► Business Owner Charitable Opportunity
Appreciated holdings for more than one year: If you own a company, whether in the form of C corporation stock or subchapter S stock, or a large block of public stock (free-trading or restricted), these stocks probably have appreciated and have been held by you for more than one year.
Short-term holdings: It is generally inadvisable to give charity securities in which your capital gain is short-term (i.e., securities that you have owned for less than 12 months). In such cases, the deduction will be for the cost basis of the securities, not the current market value.
Securities with a built-in loss: Rather than give a charity property in which you have a capital loss, you should sell them, establish a deductible capital loss, and then contribute the proceeds to the charity.
Contribution is made by a partnership or S corporation: If the noncash contribution is made by a partnership or S corporation, the reporting requirements are applied at the partnership or S corporation level, except that charitable deductions at the partner or shareholder level require compliance with the reporting requirements by the partnership or S Corporation.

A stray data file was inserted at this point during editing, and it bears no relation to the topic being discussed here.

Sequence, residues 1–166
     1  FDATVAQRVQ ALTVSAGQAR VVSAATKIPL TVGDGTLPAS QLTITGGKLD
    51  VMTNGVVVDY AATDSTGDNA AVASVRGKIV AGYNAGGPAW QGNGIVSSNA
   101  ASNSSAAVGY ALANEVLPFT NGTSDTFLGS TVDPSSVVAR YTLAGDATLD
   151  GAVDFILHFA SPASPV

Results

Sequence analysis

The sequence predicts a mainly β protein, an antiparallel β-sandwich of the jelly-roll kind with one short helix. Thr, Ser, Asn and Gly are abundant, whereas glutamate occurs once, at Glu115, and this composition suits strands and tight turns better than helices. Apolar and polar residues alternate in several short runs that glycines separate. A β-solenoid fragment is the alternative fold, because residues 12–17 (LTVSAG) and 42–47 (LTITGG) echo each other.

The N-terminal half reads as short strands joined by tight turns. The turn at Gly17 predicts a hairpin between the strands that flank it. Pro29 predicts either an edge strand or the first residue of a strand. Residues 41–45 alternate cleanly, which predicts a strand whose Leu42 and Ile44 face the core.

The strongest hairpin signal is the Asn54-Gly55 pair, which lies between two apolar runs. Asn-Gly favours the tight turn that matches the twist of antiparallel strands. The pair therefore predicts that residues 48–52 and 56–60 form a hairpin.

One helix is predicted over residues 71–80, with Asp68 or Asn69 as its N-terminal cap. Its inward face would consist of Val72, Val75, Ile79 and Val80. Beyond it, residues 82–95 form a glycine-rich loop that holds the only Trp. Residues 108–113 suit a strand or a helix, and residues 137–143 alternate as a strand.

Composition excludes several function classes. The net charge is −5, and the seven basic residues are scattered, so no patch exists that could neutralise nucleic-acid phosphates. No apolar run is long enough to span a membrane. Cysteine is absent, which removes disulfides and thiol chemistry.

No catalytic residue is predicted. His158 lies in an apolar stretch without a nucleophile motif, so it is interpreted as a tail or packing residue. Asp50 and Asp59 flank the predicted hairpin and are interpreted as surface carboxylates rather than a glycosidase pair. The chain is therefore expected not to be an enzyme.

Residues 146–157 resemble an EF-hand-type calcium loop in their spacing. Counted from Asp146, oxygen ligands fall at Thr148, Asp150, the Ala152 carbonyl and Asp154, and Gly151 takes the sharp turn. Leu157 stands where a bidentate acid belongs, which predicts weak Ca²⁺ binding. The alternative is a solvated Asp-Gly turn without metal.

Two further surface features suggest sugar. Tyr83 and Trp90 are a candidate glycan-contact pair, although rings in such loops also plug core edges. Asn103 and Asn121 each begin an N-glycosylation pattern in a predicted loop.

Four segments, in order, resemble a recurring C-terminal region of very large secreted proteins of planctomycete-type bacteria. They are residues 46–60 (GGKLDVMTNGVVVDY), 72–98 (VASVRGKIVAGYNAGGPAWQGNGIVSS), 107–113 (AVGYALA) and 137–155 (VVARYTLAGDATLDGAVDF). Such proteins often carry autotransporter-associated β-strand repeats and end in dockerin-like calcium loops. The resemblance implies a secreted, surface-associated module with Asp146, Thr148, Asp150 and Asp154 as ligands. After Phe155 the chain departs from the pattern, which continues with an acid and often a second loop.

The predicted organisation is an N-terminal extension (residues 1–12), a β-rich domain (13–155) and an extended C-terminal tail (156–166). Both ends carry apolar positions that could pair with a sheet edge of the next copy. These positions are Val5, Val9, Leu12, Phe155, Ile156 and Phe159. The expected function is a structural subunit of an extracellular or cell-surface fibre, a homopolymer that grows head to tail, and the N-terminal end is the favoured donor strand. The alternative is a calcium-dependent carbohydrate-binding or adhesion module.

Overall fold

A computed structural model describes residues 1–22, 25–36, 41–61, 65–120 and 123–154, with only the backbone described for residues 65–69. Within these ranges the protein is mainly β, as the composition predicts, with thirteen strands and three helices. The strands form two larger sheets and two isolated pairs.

Limitation: There is a limit on how much of an individual or a company can deduct as charitable gifts in a given tax year. Excess of your charitable contributions may be carried forward to future years. You should consult your expert tax preparer for limitations to your situation.
Example: A business owner with a $10,000,000 business regularly gives $5,000 of cash a year to his or her favorite charity. This year the gift to the charity is $100,000 of preferred stock paying a 5% dividend. The $100,000 gift with a proper valuation is deductible this year, and starts paying $5,000 a year of cash to the charity next year. The preference could be conversion only upon sale of the business, change of control, etc., to give the business owner comfort that the new stockholder charity will not be involved in the day-to-day activities.
What to expect:
By making a transfer of such stock to a charity, you would be eligible for a charitable tax deduction based on the fair market value of the stock and would avoid any potential capital gain tax on the appreciated value of the stock. Should you wish to gain control of the stock at some future time, you or the corporation may be able to buy it back, thus establishing a new cost basis for the stock. In keeping with IRS guidelines, there can be no obligation on the part of the donor or the charitable organization to buy or sell back the property at the time of the gift; otherwise the gain will be taxed to the donor.